To our minds, having a referendum regarding Scotland made no sense. Having a referendum implies that secession is a right, a right determined by majority rule.

Though this referendum led to a decision to stay in the union, 55% to 45%, there is nothing magic about the year 2014. Surely one day the polls will show that a secession referendum will win and they will ask to hold another – and on what basis can it be denied?

Having 45% of the vote is a loser in a referendum, but with multiple parties, it is a big winner in a parliamentary election. Because Labour, the Conservatives, the Liberal Democrats and UKIP, plus other parties, will split the remaining vote, if the SNP gets anywhere near 45% of the vote, it will carry almost every seat in Scotland. Because its voters are highly concentrated, it will result in disproportionate numbers of seats.   

SNP may get 5% of the national vote. If UKIP does just that, it would not win many seats because its support is spread around the UK, but the SNP, with its concentrated support, will win perhaps 50 seats in the 650 seat parliament – perhaps enough to block either the Conservative or Labour parties from forming a government without the SNP.

Yet a coalition with SNP is a coalition with a force that hopes to rip the United Kingdom apart – and so it is very problematic.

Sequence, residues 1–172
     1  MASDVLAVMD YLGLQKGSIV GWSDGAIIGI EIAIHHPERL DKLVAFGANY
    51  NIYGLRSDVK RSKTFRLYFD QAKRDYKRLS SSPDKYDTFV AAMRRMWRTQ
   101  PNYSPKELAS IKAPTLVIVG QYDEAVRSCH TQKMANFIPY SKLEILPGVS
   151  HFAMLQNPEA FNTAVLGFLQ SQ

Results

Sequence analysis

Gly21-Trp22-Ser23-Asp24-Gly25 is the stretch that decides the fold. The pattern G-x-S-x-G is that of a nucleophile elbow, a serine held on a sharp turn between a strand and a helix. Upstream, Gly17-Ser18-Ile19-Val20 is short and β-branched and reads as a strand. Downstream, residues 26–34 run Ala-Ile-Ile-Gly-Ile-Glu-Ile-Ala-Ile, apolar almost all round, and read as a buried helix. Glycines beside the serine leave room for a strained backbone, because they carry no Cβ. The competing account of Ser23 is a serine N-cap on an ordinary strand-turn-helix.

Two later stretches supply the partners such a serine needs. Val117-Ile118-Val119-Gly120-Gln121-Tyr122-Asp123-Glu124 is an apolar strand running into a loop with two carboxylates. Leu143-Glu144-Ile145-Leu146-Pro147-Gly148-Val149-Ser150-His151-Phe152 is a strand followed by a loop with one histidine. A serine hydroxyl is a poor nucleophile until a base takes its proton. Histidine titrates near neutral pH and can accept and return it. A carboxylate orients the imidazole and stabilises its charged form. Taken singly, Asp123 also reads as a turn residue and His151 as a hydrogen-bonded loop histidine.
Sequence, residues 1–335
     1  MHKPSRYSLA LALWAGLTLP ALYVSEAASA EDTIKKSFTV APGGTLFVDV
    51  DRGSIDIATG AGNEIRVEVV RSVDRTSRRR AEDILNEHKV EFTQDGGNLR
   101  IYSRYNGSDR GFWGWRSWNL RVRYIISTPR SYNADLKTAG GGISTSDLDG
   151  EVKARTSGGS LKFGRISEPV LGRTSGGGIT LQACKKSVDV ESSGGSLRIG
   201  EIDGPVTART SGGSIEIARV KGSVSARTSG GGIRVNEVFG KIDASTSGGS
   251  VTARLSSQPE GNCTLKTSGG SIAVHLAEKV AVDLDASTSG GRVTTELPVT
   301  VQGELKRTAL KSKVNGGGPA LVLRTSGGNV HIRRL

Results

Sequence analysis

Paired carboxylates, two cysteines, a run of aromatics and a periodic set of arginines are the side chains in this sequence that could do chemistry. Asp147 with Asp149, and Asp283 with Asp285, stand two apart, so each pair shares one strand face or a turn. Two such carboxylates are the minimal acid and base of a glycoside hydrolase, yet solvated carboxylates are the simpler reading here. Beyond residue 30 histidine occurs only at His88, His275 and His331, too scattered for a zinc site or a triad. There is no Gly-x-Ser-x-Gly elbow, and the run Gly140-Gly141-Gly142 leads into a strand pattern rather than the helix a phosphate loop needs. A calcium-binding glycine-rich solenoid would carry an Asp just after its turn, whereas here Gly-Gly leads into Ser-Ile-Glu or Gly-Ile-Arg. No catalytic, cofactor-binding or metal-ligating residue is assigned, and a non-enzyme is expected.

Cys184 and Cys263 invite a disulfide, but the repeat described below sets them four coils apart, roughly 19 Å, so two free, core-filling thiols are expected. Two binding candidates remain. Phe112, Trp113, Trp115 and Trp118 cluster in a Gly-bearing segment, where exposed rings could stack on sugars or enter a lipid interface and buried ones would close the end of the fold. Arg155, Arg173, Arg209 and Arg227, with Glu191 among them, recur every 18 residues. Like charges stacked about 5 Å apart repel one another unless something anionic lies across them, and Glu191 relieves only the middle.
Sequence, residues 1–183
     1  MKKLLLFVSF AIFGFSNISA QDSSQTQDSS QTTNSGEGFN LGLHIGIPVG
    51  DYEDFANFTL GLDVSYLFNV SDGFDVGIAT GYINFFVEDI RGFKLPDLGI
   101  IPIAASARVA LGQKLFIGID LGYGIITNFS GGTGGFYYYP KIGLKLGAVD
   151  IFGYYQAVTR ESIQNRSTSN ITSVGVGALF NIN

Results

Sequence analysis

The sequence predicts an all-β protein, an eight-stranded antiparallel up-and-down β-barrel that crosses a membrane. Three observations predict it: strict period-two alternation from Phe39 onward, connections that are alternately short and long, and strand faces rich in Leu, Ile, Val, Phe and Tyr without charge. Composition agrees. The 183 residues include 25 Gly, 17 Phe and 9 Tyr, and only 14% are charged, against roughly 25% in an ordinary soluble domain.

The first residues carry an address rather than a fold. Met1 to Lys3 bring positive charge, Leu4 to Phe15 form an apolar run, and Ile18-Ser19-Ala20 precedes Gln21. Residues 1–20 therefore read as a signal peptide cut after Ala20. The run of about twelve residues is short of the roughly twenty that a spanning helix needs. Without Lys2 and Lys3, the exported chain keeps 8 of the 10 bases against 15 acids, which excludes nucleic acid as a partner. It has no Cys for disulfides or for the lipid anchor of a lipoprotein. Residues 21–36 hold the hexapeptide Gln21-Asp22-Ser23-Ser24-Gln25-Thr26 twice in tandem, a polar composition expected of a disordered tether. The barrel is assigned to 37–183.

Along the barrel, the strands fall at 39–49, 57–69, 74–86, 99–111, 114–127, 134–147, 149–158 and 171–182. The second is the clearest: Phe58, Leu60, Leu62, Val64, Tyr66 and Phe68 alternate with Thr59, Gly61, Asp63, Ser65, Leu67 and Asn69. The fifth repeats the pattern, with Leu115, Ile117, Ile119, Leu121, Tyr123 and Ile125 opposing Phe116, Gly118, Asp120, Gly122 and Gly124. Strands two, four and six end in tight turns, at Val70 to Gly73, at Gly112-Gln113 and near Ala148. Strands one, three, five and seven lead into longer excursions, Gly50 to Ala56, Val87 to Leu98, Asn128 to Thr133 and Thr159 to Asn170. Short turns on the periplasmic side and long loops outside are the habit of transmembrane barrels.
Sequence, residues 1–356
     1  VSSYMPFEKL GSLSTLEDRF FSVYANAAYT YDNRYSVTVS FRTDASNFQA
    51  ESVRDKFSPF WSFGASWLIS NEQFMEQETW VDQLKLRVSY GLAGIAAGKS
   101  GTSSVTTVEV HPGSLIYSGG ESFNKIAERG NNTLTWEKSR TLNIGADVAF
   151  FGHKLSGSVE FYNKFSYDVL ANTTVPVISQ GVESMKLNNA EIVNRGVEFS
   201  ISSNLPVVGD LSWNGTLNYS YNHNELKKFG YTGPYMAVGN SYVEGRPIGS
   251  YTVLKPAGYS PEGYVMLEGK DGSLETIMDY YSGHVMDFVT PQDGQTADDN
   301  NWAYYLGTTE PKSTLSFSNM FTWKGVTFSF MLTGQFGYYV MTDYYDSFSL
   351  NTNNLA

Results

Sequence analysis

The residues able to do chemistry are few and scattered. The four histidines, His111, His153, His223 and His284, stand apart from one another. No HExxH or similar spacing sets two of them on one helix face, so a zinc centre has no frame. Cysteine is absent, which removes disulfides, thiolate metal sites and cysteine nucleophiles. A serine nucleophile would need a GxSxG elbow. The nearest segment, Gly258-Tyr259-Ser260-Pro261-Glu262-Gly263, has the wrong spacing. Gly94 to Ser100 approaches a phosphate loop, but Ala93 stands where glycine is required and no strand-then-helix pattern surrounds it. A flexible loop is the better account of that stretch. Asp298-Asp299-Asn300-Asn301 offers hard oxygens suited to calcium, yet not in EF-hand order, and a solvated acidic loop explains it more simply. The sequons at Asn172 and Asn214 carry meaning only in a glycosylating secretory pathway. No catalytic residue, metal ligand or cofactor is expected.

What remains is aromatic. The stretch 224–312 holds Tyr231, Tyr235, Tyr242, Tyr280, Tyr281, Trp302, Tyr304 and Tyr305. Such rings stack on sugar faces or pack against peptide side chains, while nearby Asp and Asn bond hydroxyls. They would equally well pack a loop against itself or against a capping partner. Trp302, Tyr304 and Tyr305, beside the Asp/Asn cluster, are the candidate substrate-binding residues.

Indeed, already, the promises made to keep Scotland in the Union seem impossible. The gist is that Scotland’s own parliament will have great autonomy. This, however, creates the bizarre situation where the English – 85% of the UK population – do not get to vote on Scottish matters, but the Scottish members of parliament will continue to vote in the British parliament and thus will be able to vote on all matters affecting the English.

Many proposals have been floated on how to deal with this, but none are wholly satisfying.

The Conservatives have promised a referendum on continued membership in the European Union. This is cowardly. Politicians owe the citizens not obedience but industry and judgement and it is their responsibility to study the issue, make a decision, tell the people and accept the risk of being voted out of office.

The conservatives have basically said they favour staying in the EU with the caveat of negotiating a better deal, but it seems unlikely a much better deal is forthcoming.

I can see why many Brits recoil at the European Union. There are all kinds of day-to-day concerns – notably immigration – but, more fundamentally, Britain has more to lose. Germany desperately needs Europe for its past is dark, and it wants to be subsumed in a larger European project. France yearns for greatness but it is too small and ageing to be that great power, so it seeks to lead a European enterprise into a new generation of greatness. In any case, for most European countries, their self-identification is caught up with food and wine and culture. So if the bureaucracy switches to Brussels, it is of small import.

Yet Britain is different. Its distinctive contribution to the world is closely related to governance. It is the Magna Carta and the “Mother of all Parliaments” – if a Frenchman falls asleep and awakes to the 27th Republic, it matters little as long as they still speak French, eat cheese and drink wine, but being British means something more closely related to the long political traditions of the island nation.